In addition to long antennae, the most notable physical characteristic of these bees is that their legs are significantly more hairy than their honey bee cousins.

The females are responsible for gathering pollen on their brush-like leg hairs (scopae), as well as foraging for nectar, and depositing food in their underground nests to sustain developing larvae.

Any native-bee-friendly garden is only enhanced by planting a diversity of nectar and pollen-rich native, and heirloom flowers.  However, suitable nesting sites are also critical for helping to sustain native bee populations. Native bees don’t live in hives like their honey bee counterparts, and many species construct underground nests.  Desirable nesting sites, and nests  however, can easily be damaged, or destroyed, as a result human activity.

To encourage native ground-nesting bees, it’s important that some areas of bare soil are left in the gardens. Although mulches are important for conserving moisture for plants, and improving soil texture, mulching every square inch of garden space eliminates important nesting habitat for ground-nesting native bees.

Here we mulch individual plants, not entire surfaces, mostly our vegetables and fruits, to avoid providing too much cover for ravenous rodents, like our meadow voles.

For any ground nesting bee species it’s also imperative that nesting sites aren’t disturbed, as these bees spend much of their lives developing underground, many only emerging to mate and forage for a few short weeks each year.  One of the worst gardening practices for ground nesting bees, other than the obvious use of pesticides, is rototilling garden soils. This not only destroys soil structure, but can also destroy nests.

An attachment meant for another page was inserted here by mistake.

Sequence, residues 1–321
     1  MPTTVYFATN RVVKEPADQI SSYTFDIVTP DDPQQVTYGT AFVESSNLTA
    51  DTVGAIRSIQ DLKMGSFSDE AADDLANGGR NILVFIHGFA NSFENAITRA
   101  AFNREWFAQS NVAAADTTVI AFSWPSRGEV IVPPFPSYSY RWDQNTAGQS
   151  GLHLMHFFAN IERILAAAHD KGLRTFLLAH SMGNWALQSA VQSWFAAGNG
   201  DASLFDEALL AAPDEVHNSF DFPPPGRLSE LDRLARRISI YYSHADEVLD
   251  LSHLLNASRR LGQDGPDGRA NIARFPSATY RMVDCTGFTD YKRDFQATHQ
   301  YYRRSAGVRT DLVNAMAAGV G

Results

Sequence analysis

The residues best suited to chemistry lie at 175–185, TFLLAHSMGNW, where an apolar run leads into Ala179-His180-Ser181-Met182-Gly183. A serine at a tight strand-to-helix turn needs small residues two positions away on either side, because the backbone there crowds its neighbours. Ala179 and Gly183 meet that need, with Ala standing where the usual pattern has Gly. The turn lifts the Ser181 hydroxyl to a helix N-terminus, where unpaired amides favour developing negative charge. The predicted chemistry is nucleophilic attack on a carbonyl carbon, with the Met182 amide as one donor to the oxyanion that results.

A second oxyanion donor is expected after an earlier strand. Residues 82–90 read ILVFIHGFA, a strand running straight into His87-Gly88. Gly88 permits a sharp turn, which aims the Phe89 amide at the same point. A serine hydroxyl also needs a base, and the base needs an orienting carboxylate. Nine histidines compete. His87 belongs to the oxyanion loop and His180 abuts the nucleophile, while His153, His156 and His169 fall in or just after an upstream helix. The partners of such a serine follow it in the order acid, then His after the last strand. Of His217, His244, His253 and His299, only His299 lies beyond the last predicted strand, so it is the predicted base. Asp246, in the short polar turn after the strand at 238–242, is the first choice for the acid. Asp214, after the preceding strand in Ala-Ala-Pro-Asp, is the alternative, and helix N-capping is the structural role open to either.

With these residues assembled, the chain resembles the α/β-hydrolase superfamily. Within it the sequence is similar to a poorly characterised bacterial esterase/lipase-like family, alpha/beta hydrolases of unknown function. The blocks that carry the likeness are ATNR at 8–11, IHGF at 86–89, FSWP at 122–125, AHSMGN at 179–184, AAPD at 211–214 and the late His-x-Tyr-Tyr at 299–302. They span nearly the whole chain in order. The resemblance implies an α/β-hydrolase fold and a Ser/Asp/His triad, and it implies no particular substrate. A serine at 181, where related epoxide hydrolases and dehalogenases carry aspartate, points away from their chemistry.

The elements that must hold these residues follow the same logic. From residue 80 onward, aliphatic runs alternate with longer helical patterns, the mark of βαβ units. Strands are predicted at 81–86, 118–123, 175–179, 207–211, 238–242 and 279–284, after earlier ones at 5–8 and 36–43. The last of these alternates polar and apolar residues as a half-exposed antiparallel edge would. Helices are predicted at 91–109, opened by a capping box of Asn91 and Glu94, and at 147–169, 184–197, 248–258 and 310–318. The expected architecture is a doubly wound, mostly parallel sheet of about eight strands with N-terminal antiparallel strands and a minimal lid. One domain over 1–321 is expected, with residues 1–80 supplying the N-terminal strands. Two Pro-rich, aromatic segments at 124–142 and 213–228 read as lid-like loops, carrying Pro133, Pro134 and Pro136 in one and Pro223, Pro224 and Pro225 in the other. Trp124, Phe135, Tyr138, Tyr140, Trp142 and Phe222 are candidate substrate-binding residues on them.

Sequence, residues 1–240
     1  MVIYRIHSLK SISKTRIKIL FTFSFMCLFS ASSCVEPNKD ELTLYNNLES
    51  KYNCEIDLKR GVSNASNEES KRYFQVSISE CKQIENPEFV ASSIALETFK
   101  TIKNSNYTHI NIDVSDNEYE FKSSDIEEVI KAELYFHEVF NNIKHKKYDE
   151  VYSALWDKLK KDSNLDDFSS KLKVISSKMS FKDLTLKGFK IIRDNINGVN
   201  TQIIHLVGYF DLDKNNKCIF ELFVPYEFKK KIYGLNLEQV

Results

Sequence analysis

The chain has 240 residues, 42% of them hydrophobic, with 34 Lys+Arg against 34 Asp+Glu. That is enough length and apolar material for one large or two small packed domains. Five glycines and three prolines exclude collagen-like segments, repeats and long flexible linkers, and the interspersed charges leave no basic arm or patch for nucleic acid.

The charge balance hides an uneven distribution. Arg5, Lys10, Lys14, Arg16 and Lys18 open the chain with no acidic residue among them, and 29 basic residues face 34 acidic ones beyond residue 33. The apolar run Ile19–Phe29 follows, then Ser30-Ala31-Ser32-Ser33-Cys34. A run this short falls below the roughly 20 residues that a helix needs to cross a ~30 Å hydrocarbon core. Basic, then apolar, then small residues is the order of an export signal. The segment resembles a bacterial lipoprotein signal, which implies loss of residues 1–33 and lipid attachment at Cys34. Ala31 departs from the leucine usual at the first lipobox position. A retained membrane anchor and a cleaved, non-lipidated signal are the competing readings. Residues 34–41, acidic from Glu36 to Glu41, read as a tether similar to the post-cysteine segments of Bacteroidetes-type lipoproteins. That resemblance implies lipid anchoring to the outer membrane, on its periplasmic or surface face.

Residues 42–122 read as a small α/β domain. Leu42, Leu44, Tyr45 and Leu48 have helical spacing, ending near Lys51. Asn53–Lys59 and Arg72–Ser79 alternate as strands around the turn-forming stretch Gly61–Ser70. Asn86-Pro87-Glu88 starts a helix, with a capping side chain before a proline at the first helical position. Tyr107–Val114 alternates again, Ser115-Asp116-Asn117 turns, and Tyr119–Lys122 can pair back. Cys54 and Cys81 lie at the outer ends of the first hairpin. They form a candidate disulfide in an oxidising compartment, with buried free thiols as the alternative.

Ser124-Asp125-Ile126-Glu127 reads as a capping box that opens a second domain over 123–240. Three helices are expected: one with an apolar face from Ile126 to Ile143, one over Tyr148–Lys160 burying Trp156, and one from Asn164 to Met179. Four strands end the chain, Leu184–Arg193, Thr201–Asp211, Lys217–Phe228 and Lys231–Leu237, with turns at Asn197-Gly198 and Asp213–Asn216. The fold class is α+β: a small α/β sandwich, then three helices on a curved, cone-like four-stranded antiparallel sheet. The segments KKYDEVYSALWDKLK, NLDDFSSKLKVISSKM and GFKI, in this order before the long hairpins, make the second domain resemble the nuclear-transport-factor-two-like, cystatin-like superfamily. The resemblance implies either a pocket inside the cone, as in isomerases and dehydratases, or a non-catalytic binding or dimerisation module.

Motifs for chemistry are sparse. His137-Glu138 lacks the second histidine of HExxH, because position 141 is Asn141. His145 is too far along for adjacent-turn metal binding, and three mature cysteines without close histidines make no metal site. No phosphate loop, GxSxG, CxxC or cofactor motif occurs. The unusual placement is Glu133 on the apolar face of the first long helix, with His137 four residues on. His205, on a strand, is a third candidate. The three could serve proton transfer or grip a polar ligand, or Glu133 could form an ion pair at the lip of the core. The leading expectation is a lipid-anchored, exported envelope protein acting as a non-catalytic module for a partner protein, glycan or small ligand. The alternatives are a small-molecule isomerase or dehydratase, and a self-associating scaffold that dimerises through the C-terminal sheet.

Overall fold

Next time you consider reaching for the rototiller, ask yourself, do you have ground nesting bees, like these long-horn bees, in your garden?  Hand digging is not only healthier for the gardener, but it’s also better for the bees!

Although we’ve been judicious about planting flowers in the Asteraceae family, as generally they tend to cause the rapid crystallization of honey, the fact these long-horn bees seem to favor plants in this family, highlights the importance of planting a diverse variety of flowers in the gardens.  With careful planning we hope to keep both the honey bees, and the native bees happy.

Next time you think you see a honey bee in the garden, take a closer look, it may in fact turn out to be a native bee!

To learn more about identifying, and providing suitable habitat for native bees, see:

California Pollinator Project: Citizen Scientist Pollinator Monitoring Guide

Farming For Bees: Guidelines for Providing Native Bee Habitat on Farms


[1] Kremen, C. et a. 2004. The Area Requirements of an Ecosystem Service: Crop Pollination by Native Bee Communities in California. Ecology Letters. Vol: 7 p. 1109-1119.

[2] Singh R, Levitt AL, Rajotte EG, Holmes EC, Ostiguy N, et al. 2010 RNA Viruses in Hymenopteran Pollinators: Evidence of Inter-Taxa Virus Transmission via Pollen and Potential Impact on Non-Apis Hymenopteran Species. PLoS ONE 5(12)

[3] Frankie, G.W., et al. Native Bees Are a Rich Natural Resource in Urban California Gardens. July-September 2009. UCANR Publication.

[4] Xerces Society Fact Sheet: Native Bee Pollination of Hybrid Sunflowers.